Monthly Notices of the Royal Astronomical Society, Volume 397, Issue 3, pp. 1633-1646.
García-Lorenzo, B.; Eff-Darwich, A.; Fuensalida, J. J.; Castro-Almazán, J.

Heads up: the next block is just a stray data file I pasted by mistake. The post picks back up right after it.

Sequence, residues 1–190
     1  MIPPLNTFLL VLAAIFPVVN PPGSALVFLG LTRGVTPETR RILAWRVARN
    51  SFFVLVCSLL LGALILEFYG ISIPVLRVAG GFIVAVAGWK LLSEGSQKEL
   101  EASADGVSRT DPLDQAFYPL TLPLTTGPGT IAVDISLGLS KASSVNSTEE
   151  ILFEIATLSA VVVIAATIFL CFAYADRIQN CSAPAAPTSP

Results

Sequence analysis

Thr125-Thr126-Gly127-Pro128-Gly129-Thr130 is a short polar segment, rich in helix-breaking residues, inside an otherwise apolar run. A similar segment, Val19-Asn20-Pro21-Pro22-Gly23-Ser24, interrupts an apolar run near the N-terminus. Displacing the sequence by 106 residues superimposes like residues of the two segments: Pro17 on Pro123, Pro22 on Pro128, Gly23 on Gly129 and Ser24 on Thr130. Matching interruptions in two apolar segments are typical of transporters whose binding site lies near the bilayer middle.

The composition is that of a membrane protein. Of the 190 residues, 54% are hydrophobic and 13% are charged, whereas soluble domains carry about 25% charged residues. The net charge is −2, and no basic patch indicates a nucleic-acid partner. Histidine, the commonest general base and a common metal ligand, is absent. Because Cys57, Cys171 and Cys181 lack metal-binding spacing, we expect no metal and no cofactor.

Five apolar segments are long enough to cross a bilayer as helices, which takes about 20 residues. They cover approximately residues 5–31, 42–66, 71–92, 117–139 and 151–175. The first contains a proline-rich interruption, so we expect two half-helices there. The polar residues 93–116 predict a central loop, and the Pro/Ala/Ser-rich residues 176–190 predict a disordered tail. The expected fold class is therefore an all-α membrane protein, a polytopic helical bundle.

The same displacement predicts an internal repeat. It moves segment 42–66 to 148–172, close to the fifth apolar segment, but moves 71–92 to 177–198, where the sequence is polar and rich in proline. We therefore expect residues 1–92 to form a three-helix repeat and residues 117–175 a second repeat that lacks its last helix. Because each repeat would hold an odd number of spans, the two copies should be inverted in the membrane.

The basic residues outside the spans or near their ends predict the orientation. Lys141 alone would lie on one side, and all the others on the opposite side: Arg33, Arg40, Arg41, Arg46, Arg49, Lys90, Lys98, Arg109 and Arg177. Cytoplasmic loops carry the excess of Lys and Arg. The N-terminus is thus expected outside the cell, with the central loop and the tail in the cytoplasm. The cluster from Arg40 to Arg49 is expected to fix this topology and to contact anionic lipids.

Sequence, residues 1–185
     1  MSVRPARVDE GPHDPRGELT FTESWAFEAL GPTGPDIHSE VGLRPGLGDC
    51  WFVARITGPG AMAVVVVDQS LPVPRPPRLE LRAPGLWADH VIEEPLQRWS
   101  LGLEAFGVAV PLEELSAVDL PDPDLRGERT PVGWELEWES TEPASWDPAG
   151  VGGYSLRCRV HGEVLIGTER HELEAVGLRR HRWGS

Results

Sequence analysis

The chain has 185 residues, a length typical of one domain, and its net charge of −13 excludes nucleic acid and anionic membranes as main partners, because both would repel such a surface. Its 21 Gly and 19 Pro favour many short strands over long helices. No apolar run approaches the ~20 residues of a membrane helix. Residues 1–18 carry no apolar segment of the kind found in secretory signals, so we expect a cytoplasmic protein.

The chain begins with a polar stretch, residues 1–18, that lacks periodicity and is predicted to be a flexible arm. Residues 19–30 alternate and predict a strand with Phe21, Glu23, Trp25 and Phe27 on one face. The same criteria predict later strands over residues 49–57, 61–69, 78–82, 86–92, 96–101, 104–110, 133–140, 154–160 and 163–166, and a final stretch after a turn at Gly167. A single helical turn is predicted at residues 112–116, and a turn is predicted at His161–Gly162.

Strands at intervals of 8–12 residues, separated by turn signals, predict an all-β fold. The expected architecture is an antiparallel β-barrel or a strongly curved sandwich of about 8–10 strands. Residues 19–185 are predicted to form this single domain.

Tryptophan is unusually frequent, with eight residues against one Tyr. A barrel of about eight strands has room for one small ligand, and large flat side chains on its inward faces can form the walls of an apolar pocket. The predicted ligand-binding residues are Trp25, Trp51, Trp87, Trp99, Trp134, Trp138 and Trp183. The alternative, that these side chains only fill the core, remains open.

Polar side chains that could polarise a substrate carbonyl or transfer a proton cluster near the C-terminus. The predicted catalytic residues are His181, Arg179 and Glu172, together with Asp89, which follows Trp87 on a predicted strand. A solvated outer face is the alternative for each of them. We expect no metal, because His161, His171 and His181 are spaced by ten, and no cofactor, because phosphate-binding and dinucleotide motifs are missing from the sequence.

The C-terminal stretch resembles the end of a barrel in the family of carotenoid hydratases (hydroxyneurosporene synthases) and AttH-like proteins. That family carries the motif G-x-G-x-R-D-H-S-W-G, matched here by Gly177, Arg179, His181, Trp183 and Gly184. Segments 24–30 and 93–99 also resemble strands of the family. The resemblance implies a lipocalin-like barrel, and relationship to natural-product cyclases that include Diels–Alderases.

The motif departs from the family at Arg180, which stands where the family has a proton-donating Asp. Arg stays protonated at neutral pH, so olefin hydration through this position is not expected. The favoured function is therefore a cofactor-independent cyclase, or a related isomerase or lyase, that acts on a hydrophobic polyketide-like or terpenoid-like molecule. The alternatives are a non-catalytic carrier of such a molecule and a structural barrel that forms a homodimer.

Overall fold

Current projects for large telescopes demand a proper knowledge of atmospheric turbulence to design efficient adaptive optics systems in order to reach large Strehl ratios. However, the proper characterization of the turbulence above a particular site requires long-term monitoring. Because of the lack of long-term information on turbulence, high-altitude winds (in particular winds at the 200mbar pressure level) were proposed as a parameter for estimating the total turbulence at a particular site, with the advantage of records of winds going back several decades. We present the first complete study of atmospheric adaptive optics parameters above the Teide Observatory (Canary Islands, Spain) in relation to wind speed. On-site measurements of C2N(h) profiles (more than 20200 turbulence profiles) from G-SCIDAR (Generalized Scintillation Detection and Ranging) observations and wind vertical profiles from balloons have been used to calculate the seeing, the isoplanatic angle and the coherence time. The connection of these parameters to wind speeds at ground and at 200mbar pressure level are shown and discussed. Our results confirm the well-known high quality of the Canary Islands astronomical observatories.